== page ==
PEOPLE OF MI V JIMMIE ALLEN NELSONAnnotate this Case
STATE OF MICHIGAN
COURT OF APPEALS
PEOPLE OF THE STATE OF MICHIGAN,
December 23, 2008
Iosco Circuit Court
LC No. 06-002623-AR
JIMMIE ALLEN NELSON,
Before: Wilder, P.J., and Murphy and Meter, JJ.
Plaintiff appeals, by leave granted, the circuit court’s order denying leave to appeal the
district court’s refusal to bind defendant over on an open murder charge. We reverse and
On August 3, 1980, Cherita Thomas disappeared. Defendant was seen with Thomas that
night, but denies that he kidnapped or murdered her. Defendant initially testified, pursuant to an
investigative subpoena, that he spoke briefly to Thomas at a local bar on the night she
disappeared. He also stated that he went home after leaving the bar at around midnight, and did
not see Thomas again. But defendant later testified that he remembered seeing Thomas again
that night, and she told him that she was having car trouble. Defendant testified that he took
Thomas to her friend’s apartment, and then to a nearby restaurant. However, the friend testified
that Thomas did not have a key to her apartment, and would not have been able to gain entry to
it. More, the restaurant owner testified that his restaurant would have been closed well before
defendant said he took Thomas there. The district court concluded that the corpus delicti of the
open murder charge had not been established. Specifically, the court found that plaintiff had not
established that Thomas died as the result of criminal agency. The circuit court denied leave to
This Court reviews a district court’s decision to bind over a defendant for an abuse of
discretion. People v Hudson, 241 Mich App 268, 276; 615 NW2d 784 (2000). A lower court’s
decision regarding the establishment of the corpus delicti of a crime is also reviewed for an abuse
of discretion. People v King, 271 Mich App 235, 239; 721 NW2d 271 (2006).
The “corpus delicti” is the “body of the crime,” meaning the “fact of a transgression” or
the “physical evidence of a crime.” Black’s Law Dictionary (7th ed). The corpus delicti rule
“prohibits a prosecutor from proving the corpus delicti based solely on a defendant’s
extrajudicial statements.” Id. In People v Williams, 422 Mich 381, 388; 373 NW2d 567 (1985),
our Supreme Court stated that “[t]he history of the development of the common-law corpus
delicti rule demonstrates that in homicide cases . . . the purpose for the rule is satisfied if it is
shown, independent of the defendant’s statement, that the named victim is dead as a result of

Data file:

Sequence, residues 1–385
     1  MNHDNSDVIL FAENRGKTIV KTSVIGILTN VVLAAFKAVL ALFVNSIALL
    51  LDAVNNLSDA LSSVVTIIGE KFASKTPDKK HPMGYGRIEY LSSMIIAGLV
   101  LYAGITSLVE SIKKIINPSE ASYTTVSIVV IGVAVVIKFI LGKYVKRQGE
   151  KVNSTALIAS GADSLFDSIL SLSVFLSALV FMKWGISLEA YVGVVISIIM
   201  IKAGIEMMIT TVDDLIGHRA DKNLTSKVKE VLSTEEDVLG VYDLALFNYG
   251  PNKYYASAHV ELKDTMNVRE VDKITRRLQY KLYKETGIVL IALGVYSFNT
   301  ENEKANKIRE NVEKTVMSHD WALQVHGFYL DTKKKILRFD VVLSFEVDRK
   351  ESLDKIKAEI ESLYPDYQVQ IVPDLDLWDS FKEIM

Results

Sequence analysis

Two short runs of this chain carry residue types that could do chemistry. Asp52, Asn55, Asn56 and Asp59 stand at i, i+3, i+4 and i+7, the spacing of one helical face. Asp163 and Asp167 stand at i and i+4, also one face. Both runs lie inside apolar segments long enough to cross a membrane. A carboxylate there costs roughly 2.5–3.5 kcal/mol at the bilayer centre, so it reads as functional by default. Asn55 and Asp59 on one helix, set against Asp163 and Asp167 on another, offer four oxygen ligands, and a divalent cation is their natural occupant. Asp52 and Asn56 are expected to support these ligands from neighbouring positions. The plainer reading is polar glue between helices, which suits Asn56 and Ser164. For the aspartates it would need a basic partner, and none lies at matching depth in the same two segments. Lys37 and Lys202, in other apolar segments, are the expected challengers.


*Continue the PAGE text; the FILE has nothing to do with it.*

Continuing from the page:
some criminal agency.”
In People v Rockwell, 188 Mich App 405; 470 NW2d 673 (1991), this Court stated: “the
corpus delicti of a crime must be established by evidence independent of an accused’s
confession. This rule is limited, however, to admissions which are confessions, and not to
admissions of fact which do not amount to confessions of guilt.” Id. at 407 (citations omitted).
Rockwell cited People v Porter, 269 Mich 284; 257 NW2d 705 (1934). Porter states that
the corpus delicti “rule is confined to confessions.” Id. at 289. Porter cited with approval the
following from 16 CJ, p 716. “Although it may be received in evidence, an admission by word
or act of an inculpatory fact from which the jury may or may not infer guilt, but which falls short
of being an acknowledgment of guilt, is not a confession. Also an admission of one, but not of
all, the essential elements of the crime is not a confession.” Id. at 291.
In People v McMahan, 451 Mich 543, 548; 548 NW2d 199 (1996), our Supreme Court
held that “proof of the corpus delicti is required before the prosecution is allowed to introduce
the inculpatory statements of an accused.” The lower courts in this case concluded that, by this
statement, McMahan overruled Porter and Rockwell’s formulation of the rule. We disagree.
Although the language in McMahan is not precise, we conclude that the Supreme Court
did not intend McMahon to have the unusual effect of overruling, sub silentio, the settled
precedent of Porter.1 Had the McMahan court intended to overrule Porter and Rockwell, it
would have said so.2
The lower courts erred as a matter of law in concluding that McMahan overruled Porter
and Rockwell. An error of law is an abuse of discretion. People v Giovannini, 271 Mich App
409, 417; 722 NW2d 237 (2006).
Reversed and remanded to the district court for reconsideration, in light of the proper
legal standard, of whether to bind defendant over on the open murder charge. This Court retains
no further jurisdiction.
/s/ Kurtis T. Wilder
/s/ William B. Murphy
/s/ Patrick M. Meter
Indeed, McMahan later states that proof of the corpus delicti “must consist of evidence that is
independent of the accused’s confessions.” McMahan, supra at 549 (emphasis added).
Interestingly, neither of the two major cite-checking services (Westlaw’s KeyCite and Lexis’s
Shepard’s) indicates that Porter or Rockwell has been overruled.